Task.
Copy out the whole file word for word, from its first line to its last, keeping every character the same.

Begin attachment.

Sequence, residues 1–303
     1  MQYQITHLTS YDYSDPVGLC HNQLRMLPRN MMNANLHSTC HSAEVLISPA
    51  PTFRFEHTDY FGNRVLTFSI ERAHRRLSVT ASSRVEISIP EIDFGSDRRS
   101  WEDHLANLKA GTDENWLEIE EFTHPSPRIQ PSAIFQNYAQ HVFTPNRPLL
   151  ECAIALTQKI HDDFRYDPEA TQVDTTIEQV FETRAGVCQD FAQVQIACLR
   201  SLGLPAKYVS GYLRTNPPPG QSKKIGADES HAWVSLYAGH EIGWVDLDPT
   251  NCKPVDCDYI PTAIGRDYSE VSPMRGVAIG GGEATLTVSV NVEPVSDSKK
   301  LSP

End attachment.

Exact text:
Sequence, residues 1–303
     1  MQYQITHLTS YDYSDPVGLC HNQLRMLPRN MMNANLHSTC HSAEVLISPA
    51  PTFRFEHTDY FGNRVLTFSI ERAHRRLSVT ASSRVEISIP EIDFGSDRRS
   101  WEDHLANLKA GTDENWLEIE EFTHPSPRIQ PSAIFQNYAQ HVFTPNRPLL
   151  ECAIALTQKI HDDFRYDPEA TQVDTTIEQV FETRAGVCQD FAQVQIACLR
   201  SLGLPAKYVS GYLRTNPPPG QSKKIGADES HAWVSLYAGH EIGWVDLDPT
   251  NCKPVDCDYI PTAIGRDYSE VSPMRGVAIG GGEATLTVSV NVEPVSDSKK
   301  LSP